Regular and occasional teleworking opportunities can provide some advantages — scheduling flexibility, reduced commuting time that results in higher productivity; however, working remotely can also present potential problems, according to a new report.
Remote workers often log in longer hours, for example, which can lead to higher stress levels. In addition, mobile workers who aren’t permanently based in one place are more at risk of negative health and well-being outcomes, compared to employees who work from home.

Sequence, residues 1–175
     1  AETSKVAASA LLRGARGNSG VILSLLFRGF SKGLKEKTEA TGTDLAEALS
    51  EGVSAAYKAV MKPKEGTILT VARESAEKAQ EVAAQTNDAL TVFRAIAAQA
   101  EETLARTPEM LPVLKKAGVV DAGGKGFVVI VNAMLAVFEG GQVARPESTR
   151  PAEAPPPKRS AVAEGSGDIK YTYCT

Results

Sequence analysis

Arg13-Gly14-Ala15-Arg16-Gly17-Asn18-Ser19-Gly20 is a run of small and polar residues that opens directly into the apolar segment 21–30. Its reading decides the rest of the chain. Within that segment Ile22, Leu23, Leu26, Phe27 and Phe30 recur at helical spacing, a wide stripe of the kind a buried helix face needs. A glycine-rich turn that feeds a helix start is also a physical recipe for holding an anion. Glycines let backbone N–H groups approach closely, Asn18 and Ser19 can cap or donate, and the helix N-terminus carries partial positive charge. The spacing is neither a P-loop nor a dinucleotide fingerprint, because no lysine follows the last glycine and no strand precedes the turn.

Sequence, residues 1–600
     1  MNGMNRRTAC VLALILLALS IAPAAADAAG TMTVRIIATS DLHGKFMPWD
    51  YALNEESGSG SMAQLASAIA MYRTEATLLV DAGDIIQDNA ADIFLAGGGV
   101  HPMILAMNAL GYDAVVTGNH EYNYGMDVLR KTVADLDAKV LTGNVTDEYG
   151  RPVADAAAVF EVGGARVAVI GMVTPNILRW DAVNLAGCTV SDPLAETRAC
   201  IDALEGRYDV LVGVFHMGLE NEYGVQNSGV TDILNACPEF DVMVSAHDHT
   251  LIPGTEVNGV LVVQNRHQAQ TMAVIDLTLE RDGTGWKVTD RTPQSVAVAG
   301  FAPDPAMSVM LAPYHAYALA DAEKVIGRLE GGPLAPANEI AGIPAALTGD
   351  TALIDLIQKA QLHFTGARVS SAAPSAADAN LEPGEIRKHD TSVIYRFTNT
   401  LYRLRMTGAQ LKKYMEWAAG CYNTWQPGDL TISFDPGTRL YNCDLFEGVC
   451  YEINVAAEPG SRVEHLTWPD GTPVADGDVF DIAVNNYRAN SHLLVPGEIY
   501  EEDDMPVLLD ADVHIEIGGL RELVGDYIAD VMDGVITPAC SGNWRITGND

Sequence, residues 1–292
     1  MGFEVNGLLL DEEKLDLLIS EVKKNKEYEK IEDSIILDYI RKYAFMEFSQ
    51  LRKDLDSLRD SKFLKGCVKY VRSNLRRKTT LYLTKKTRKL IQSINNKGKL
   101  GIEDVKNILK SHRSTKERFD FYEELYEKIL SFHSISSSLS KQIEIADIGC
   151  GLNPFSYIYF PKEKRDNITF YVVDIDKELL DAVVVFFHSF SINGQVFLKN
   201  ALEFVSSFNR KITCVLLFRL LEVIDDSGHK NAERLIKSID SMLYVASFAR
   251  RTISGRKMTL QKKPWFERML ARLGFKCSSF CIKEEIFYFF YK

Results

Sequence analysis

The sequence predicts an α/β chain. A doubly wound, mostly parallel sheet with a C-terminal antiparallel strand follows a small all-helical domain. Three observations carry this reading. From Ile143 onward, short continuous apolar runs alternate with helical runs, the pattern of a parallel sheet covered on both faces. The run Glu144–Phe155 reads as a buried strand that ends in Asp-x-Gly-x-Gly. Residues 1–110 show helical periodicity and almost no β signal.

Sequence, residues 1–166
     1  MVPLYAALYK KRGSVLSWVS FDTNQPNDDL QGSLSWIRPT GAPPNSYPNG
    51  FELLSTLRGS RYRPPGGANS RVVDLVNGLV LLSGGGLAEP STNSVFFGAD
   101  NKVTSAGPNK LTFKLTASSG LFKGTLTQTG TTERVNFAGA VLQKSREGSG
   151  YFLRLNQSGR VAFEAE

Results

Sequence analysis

To address the issues, the report authors recommend promoting formal part-time teleworking opportunities to help employees maintain ties with their colleagues and restricting assignments that would require long hours from mobile workers and home-based remote workers.
Find out more about teleworking’s effect on work-life balance from the International Labour Organization and Eurofound report, based on research involving 15 countries, including ten EU member states, Argentina, Brazil, India, Japan and the United States.